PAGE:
what impressed me most was the size (from the front of the house, i never expected to see a backyard this large) but also the trees. in most of your backyards, trees are relegated to the perimeters, but at this place, trees were main players in the design. the backyard wasn't very ostentatious, but it conveyed a mood, a sense of calm, an aura of naturalism, that i didn't find in other gardens. i think it's an example of doing more by doing less. they also had an "ornamental copper water tower, which drips onto bronze cymbals that send out delicate musical notes." it looked cool, but i think the sounds might drive a person crazy after a while.

after a while, the gardens started to look the same. everyone seems to be growing the same thing, just in different arrangement and numbers. peonies, roses, wisteria, irises of all varieties, poppies, ferns, hostas, clematises, and various other perennials and annuals. i like the gardens that try to incorporate water into the design, whether it's a small fountain, a little man-made pond, or in one case, an organically shaped below ground pool.

i also kept a watchful eye on strange insects that might be living in these gardens. alas, nothing significant to report. i did see this one weird specimen that sort of looked like a katydid but more colorful. i snapped a few photos and then tried to get it on my hand, where it then quickly hopped away. i also saw a click beetle, but those aren't anything special, i find them all the time in my own backyard.

some gardens had themes. the last one we saw had this cutesy south of the border theme, lots of mexican earthenware and pots shaped like animals. i can also remember one place that went with an asian theme, stone lanterns, buddha statue, wind chimes, bamboos. no garden gnomes though, where's that one kitschy garden? perhaps people who enjoy kitsch aren't big on gardening (or can't afford a place to have a garden at this point in time). note to self: get garden gnome for new backyard. i think it'd be cool to have a garden but do it up sanrio style, stone hello kitties, porcelain keroppis along the edge of a bubbling pool, garden chairs shaped like purin and badtz maru. i'm sure somebody in japan must've done this before.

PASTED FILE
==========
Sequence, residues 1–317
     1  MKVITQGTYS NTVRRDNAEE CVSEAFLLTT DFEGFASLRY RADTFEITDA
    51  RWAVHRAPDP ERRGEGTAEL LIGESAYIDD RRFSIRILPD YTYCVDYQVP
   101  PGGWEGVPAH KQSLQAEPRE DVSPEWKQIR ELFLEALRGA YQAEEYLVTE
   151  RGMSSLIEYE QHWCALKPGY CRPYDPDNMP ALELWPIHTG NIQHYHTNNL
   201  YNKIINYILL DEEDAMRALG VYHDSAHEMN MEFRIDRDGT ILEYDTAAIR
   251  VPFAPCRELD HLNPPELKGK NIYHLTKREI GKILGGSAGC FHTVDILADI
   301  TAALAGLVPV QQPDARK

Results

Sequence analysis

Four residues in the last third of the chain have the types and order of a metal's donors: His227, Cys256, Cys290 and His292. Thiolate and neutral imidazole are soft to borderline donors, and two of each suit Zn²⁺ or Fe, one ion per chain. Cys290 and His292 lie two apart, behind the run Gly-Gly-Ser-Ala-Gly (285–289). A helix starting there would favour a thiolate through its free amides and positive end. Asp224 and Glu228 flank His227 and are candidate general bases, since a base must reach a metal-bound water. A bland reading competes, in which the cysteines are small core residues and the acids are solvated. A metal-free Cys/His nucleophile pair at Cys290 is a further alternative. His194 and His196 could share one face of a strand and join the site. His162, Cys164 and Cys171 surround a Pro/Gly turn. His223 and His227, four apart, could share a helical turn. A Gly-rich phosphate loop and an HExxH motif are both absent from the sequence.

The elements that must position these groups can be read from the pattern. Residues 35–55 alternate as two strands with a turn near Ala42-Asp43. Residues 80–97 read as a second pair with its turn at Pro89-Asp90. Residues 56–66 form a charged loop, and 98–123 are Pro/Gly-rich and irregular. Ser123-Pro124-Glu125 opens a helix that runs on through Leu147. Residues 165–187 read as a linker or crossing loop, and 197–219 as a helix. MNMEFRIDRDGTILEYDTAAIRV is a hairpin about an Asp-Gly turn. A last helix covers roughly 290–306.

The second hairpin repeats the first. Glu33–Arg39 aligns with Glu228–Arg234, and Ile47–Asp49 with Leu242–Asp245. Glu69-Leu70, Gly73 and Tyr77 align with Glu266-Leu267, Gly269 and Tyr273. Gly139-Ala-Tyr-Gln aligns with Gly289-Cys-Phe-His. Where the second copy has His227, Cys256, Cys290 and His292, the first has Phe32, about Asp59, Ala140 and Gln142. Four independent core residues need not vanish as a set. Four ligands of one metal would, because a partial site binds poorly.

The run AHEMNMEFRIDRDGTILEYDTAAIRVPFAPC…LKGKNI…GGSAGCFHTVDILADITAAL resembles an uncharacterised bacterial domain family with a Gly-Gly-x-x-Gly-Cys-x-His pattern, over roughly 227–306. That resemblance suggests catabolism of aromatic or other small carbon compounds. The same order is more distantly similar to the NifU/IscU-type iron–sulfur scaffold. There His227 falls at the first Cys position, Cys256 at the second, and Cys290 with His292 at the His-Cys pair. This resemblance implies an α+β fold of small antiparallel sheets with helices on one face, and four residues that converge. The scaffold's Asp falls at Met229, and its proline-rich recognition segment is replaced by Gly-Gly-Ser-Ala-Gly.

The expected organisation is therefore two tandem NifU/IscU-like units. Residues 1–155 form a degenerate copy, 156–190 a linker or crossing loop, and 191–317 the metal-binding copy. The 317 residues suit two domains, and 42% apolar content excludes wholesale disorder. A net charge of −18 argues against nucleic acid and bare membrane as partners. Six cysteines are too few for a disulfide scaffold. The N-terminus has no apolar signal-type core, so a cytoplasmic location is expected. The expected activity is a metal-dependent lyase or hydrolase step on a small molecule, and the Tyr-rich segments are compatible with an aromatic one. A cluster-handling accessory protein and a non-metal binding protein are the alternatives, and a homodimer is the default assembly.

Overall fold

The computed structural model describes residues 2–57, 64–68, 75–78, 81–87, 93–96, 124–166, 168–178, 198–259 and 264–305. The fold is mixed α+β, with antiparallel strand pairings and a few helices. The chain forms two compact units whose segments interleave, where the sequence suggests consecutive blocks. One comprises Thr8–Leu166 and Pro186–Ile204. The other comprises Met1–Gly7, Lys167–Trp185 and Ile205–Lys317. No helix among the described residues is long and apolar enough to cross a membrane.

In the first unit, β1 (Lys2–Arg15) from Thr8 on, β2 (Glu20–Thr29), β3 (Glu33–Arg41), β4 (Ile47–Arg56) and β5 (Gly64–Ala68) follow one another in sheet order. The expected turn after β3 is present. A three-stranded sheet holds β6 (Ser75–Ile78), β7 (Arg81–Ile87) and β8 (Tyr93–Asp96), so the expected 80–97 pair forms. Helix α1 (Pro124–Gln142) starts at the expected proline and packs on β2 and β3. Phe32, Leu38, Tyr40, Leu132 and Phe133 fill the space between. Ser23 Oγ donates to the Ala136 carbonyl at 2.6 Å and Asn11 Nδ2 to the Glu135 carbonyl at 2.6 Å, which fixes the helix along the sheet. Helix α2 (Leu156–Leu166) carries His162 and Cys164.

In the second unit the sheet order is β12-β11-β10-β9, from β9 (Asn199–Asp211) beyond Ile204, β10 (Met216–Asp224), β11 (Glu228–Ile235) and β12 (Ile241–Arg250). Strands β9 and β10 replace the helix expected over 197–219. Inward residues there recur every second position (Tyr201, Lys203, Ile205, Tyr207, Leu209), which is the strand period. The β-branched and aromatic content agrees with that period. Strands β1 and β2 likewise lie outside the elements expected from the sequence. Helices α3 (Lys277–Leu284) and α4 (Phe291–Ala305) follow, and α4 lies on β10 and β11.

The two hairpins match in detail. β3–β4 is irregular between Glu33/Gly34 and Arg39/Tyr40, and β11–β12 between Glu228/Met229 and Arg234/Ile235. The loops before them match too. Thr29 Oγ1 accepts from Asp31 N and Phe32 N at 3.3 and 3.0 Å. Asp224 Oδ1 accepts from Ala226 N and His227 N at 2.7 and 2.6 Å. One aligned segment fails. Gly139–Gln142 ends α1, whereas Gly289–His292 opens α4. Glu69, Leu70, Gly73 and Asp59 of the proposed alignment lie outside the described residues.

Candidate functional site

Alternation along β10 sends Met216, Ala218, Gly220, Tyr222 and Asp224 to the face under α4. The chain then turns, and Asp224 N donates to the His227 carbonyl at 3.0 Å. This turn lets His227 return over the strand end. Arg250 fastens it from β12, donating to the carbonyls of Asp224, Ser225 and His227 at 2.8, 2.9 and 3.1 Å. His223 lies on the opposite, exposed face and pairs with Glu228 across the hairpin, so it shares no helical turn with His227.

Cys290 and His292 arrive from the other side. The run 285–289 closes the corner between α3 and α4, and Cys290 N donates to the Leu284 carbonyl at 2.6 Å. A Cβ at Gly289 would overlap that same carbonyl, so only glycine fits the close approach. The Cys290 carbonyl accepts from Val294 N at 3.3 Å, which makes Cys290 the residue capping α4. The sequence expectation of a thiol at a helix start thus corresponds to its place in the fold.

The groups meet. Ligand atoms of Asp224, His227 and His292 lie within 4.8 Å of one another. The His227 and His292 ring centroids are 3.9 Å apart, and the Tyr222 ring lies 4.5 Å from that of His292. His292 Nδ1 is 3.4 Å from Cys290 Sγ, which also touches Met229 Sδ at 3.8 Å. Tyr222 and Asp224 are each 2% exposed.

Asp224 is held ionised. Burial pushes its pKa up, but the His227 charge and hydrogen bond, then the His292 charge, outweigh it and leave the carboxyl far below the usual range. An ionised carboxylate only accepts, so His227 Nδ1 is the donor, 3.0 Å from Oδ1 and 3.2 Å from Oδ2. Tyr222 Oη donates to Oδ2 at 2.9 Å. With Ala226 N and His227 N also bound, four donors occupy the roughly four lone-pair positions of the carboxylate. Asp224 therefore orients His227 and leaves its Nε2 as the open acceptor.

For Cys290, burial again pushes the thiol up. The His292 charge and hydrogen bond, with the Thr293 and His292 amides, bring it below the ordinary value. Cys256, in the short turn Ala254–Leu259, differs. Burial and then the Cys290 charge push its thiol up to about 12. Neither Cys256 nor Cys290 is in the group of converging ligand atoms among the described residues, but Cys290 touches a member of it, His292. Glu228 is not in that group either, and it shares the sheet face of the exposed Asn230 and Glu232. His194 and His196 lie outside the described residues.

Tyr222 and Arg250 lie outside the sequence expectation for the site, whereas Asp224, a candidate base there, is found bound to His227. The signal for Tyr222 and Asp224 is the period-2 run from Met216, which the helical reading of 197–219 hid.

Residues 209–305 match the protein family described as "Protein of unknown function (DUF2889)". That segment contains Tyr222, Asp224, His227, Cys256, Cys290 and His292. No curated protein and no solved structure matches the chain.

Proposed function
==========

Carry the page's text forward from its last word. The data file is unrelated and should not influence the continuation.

the secret gardens of cambridge officially ended at 4pm. i went home totally exhausted, and what do i do? take a nap? watch tv? surf the web? read a book? no, i go out running. i want to get back into running shape again, i'm not going to kid myself anymore. instead of once a week, at least 3 times a week. it was sort of a bad day to run though, 5pm, late afternoon sun, feeling a headache from lack of water. but i ran nevertheless, paced myself, didn't push it, and got as far as two miles before i walked up watson road (a steep hill) and then the rest of the way home (another mile). i was overheating and figured i'd take it easy today, especially since i was already pretty exhausted from the garden tours. when i got home i immediately hit the shower, peeling off my sweat soaked t-shirt.

the rest of sunday i spent lazily, a little bit of the usual routines. 10 more days is what's on my mind. the smell of honeysuckle permeates my bedroom. nets lost again to the lakers, 0-3 now, and the red sox got swept by the diamondbacks, 0-3.